From Mars to Venus II

In 2005, while in-between moving, my room mate to be had been in contact with a trans girl who was making her way across country from Carolina way to the west coast stopping, from time to time, if she met kind-hearted people along the way who may allow her to stay for a spell. Well, she stayed at our place for a week or so, I believe, and ended up making quite an impression on me in her short time there. We went out a few times to clubs, drank too much, and just got a chance to get to know each other. The bond with trans women is already usually very strong, but she helped me find the courage, yeah, courage, see (?), to stand up straight, and be proud of who I am (I love you for that, Maya). Damn the torpedos. During her visit we had spoke of when she reached her destination of San Francisco she would call us and we had better get our butts out there as soon as we could. A nice thought, but hardly realistic. So, I thought. She left us in late summer.

Early in ’06, true to her word (though we had corresponded on-line), she called us with an invitation to come out to SF for a week, and while there, attend a GLBT job fair being held at the GLBT community center. This offer was too good for my room mate, and, I to pass up. The bonus was that we were going to be staying at the B&B our friend was working at the whole week, and at a crazy-good price to boot. The B&B house was a wonderfull place. I instantly felt at home as soon as I walked in and set my bags down. There were times when I didn’t want to leave just because I was enjoying just being able to relax without all the pressure that came with “home”. A few afternoons were spent reading in the great room while classical music massaged my nerves in the background. I could have stayed in that house forever.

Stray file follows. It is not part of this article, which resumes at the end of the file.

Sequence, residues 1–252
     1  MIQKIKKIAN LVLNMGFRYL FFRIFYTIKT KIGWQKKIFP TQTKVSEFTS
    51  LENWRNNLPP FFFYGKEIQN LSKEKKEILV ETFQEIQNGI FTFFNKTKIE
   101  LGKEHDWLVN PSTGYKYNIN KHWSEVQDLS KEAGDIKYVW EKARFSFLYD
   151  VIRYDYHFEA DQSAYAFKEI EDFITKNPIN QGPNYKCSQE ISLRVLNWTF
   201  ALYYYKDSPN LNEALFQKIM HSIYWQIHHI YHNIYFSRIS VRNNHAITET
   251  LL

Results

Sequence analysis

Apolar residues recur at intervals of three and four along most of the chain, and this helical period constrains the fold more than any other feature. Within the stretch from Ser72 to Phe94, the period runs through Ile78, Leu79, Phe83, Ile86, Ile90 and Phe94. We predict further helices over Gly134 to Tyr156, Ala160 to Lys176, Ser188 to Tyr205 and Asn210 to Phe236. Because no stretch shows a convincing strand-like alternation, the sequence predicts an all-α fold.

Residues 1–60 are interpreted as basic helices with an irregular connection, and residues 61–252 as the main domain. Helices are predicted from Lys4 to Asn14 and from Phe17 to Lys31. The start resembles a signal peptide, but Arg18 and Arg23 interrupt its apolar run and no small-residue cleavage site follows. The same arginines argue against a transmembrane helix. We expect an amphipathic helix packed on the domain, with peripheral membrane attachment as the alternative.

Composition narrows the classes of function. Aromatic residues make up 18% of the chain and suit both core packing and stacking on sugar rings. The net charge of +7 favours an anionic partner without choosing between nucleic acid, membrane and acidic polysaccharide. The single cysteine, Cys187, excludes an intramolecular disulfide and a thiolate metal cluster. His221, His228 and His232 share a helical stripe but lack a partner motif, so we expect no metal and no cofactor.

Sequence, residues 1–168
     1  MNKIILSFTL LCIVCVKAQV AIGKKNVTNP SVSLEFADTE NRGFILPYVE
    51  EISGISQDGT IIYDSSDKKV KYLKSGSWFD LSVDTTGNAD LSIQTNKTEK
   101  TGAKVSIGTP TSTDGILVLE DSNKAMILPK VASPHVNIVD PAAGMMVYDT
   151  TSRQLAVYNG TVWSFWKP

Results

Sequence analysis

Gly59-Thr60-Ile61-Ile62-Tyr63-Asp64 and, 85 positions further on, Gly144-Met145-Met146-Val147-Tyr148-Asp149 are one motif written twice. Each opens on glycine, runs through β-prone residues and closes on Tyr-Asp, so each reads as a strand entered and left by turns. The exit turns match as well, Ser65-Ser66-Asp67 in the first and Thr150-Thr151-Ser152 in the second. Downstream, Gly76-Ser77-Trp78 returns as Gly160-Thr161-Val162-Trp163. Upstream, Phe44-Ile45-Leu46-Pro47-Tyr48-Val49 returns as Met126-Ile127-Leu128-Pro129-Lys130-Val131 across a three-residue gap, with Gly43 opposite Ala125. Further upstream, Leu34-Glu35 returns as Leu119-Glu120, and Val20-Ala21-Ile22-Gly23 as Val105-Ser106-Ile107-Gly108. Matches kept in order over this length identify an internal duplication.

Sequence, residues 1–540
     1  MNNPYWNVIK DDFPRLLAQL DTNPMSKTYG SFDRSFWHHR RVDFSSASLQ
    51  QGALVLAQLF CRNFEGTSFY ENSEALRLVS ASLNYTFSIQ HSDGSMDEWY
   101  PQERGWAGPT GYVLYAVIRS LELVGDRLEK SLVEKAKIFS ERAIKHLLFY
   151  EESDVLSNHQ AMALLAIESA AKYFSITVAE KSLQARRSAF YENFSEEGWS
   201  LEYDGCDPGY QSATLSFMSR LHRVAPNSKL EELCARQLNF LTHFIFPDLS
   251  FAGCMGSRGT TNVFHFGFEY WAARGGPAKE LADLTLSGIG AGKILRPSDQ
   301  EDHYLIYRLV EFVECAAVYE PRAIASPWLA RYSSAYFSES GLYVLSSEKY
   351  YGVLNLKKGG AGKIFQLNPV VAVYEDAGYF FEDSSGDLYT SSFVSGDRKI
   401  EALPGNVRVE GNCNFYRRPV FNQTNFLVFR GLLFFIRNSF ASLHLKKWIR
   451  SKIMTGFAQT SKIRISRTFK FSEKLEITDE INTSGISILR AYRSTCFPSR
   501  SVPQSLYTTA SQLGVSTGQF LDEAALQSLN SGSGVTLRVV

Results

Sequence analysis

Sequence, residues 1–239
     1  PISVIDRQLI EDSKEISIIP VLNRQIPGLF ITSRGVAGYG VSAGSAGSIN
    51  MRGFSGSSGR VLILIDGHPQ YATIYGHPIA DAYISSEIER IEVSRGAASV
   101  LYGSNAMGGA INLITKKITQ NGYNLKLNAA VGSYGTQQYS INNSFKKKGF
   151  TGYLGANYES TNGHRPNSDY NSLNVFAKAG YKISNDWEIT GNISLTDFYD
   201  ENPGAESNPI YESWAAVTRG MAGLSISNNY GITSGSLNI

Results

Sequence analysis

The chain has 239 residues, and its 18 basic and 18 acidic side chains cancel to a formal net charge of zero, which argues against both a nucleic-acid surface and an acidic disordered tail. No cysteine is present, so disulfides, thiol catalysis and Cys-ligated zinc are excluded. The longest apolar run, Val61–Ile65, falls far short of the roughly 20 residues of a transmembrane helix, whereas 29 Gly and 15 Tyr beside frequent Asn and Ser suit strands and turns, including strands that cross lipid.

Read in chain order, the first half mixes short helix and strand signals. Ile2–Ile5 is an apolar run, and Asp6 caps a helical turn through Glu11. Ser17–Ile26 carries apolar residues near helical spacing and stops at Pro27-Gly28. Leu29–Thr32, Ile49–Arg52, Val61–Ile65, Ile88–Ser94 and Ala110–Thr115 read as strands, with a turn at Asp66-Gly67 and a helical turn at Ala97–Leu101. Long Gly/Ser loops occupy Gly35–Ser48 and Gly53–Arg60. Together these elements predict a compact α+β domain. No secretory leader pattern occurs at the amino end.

The job fair was good. I wish I could say great, but it was just good. Overall, there may have been 15 companies represented such as Chase, Wells Fargo, Goodwill, but I was really just testing myself at that point to see what it was like to be in a job interview situation as a woman. So, that was a good experience, though I would still find a way to screw that up, probably. But, there was just no way of moving out there. I’m more of a country girl. Too much concrete and I start to feel dirty…..Anyway, I was able to meet some remarkable people during the week I was there. Also, while there I had arranged to meet a cousin of mine living in SF for a night out on the town.  A few weeks prior to flying out I had e-mailed her to tell of my upcoming trip, and in that e-mail I came out to her. Her reaction was a blessing. We had a great time when we went out for dinner and some dancing. Again, I cannot overstate the joy of being out without the fear of wondering, or, caring for that matter, if you’re going to see someone you know. Freedom is under-appreciated until you discover what it feels like, again, for the first time.

My point has been to finally say that, after a week of living as I knew I should be, I was less than thrilled about going back to the ever so drab life of “male mode” ( surely, Lori, Tiana, Nikki, and others KNOW what I mean ). So, a few weeks after coming home a wonderful friend of mine told me of a job opportunity at Anthem Blue Cross. She had also taken the liberty of informing her manager that I was transgender, and asking her if it would be an issue if I were to apply there, to which her manager’s reply was “absolutely not. experience is what counts”. It just so happened I had years of related experience for the job in question, and the chance of a lifetime was dangling right in front me on the end of stick I was pretty sure looked like I could reach the end of if I tried hard enough. Sssssttttrrrrreeetttttcccchhhhhhhhhhhhhhhh.